Self-harm in adolescents is an increasing public health concern and an important risk factor for suicide. We aimed to examine how age of self-harm onset in adolescents was associated with frequency of subsequent suicidal and non-suicidal self-harm (NSSI) episodes, and how age of onset and duration of self-harm may influence the frequency of self-harm.
Data from 103 adolescents with recurrent self-harm recruited from child and adolescent psychiatric outpatient clinics were collected through clinical interviews and self-reports, and analysed with negative binomial and hurdle models.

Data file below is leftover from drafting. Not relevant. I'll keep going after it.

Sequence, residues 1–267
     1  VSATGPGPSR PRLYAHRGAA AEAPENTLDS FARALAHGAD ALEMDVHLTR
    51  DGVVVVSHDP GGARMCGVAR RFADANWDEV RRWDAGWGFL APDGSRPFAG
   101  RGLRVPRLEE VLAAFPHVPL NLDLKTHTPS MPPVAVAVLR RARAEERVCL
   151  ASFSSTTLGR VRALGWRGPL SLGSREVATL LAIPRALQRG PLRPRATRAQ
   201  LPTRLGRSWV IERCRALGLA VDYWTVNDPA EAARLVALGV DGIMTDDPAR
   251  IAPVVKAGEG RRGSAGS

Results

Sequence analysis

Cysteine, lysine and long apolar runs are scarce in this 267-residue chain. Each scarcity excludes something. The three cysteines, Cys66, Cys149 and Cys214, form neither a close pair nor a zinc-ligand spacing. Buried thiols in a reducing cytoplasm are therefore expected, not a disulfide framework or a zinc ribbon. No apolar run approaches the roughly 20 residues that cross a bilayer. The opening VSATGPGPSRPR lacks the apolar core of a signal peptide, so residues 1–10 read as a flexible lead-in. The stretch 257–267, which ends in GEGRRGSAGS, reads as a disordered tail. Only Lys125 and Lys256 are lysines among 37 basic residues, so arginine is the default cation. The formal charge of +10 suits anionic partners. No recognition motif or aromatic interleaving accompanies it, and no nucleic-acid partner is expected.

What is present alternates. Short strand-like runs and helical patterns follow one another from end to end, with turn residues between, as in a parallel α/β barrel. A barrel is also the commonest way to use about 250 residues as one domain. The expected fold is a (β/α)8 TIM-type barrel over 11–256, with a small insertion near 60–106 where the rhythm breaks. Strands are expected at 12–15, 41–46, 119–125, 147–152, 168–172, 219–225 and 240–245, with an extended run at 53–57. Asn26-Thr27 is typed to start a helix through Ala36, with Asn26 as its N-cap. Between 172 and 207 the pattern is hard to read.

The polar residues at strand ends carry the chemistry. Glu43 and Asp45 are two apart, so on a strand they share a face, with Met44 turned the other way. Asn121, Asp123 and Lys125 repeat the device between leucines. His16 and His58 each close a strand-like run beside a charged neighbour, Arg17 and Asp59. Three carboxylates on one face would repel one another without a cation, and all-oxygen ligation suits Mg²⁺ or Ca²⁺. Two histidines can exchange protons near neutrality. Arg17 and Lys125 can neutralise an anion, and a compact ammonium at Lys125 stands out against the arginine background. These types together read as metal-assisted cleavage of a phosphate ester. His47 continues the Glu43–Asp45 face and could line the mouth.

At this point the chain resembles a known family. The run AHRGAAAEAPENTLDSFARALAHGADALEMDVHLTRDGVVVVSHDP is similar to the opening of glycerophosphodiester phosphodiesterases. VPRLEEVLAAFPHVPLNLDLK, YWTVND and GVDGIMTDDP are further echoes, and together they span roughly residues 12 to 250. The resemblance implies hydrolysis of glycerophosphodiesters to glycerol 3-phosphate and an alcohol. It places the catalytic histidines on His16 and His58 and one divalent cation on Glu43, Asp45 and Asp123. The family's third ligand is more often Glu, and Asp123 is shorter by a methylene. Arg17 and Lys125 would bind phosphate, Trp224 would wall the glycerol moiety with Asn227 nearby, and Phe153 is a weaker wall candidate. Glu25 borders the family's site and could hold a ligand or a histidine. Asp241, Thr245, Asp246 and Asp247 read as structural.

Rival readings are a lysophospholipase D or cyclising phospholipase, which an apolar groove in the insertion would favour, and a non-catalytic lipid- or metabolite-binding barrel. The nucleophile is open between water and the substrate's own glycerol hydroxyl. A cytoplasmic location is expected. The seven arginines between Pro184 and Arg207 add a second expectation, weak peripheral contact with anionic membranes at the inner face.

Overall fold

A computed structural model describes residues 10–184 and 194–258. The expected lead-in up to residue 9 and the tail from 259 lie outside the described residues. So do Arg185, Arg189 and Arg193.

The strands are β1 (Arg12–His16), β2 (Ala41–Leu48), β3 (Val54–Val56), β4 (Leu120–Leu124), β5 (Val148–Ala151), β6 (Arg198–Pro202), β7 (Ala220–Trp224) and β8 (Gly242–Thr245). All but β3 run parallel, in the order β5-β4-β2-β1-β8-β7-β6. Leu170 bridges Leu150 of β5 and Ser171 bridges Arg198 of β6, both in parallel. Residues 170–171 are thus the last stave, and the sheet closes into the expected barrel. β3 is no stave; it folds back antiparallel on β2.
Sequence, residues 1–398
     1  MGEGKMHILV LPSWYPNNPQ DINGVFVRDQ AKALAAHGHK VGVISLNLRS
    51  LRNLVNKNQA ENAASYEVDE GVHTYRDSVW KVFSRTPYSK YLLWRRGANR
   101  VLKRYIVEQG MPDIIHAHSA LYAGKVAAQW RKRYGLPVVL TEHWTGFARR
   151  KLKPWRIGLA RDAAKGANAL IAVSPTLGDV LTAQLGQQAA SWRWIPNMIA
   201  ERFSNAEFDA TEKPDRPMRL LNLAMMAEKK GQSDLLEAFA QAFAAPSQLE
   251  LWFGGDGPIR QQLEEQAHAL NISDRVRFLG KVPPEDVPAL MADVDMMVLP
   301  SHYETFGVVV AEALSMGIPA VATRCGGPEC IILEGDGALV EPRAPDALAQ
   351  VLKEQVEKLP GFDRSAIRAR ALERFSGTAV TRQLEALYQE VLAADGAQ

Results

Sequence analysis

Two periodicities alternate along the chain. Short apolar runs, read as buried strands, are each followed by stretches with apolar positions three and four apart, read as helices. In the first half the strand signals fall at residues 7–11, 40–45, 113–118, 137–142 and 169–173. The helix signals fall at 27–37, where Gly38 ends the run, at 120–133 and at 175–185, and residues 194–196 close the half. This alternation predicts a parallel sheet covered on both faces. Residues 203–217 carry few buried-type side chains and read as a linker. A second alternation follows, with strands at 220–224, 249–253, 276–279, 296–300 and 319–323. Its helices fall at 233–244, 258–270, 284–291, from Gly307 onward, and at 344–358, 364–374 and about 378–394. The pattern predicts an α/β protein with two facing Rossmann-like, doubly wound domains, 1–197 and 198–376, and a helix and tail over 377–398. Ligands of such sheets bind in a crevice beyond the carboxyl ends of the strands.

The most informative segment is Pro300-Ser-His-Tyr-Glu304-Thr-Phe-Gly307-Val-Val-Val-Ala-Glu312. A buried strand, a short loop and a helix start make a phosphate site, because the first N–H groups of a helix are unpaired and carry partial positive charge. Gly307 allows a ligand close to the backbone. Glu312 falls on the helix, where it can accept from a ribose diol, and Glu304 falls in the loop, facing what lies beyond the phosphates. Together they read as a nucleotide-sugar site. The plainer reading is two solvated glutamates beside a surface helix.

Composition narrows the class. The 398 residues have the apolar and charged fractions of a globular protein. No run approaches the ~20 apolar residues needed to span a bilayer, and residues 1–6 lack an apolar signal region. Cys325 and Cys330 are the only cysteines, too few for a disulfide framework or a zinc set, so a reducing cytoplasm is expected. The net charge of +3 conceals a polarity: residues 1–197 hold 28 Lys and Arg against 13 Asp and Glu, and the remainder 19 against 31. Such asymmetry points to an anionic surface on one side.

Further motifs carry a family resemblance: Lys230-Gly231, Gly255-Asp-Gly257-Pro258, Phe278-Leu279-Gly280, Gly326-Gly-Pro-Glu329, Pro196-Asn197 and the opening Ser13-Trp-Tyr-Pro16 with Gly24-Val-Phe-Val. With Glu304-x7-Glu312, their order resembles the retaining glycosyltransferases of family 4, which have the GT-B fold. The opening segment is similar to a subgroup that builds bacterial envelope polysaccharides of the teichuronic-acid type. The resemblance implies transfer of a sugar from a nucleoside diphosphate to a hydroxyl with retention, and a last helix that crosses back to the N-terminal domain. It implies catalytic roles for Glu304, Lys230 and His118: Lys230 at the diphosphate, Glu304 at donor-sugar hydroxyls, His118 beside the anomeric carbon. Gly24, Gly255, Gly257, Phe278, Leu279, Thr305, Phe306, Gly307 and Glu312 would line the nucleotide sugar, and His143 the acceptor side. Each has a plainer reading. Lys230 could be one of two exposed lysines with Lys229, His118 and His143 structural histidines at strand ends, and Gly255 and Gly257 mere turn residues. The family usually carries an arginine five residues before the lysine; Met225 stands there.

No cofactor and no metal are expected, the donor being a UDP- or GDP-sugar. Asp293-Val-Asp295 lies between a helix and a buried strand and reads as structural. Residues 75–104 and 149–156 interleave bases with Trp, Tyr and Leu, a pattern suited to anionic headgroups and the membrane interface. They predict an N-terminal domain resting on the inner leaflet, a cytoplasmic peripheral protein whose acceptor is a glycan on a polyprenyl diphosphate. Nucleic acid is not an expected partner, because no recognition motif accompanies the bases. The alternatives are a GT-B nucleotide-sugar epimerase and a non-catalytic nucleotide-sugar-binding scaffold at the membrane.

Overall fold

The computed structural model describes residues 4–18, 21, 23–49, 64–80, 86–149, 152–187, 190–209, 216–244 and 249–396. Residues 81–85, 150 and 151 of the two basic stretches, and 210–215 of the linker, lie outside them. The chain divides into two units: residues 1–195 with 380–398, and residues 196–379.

A lower age of self-harm onset and a longer duration of self-harm were both significantly associated with increased frequency of subsequent episodes of NSSI and risk of a first suicide attempt. There was an increase in repeated suicide attempts when the age of onset of self-harm decreased and the duration increased, and dramatically more for long duration of NSSI before first suicide attempt.
Initiating self-harm behaviour at the youngest age had the highest risk of increased frequency of NSSI and suicide attempts. Longer duration of self-harm behaviour increased this risk. This underlines the importance of early identification of self-harm behaviour in adolescents, and the use of effective interventions.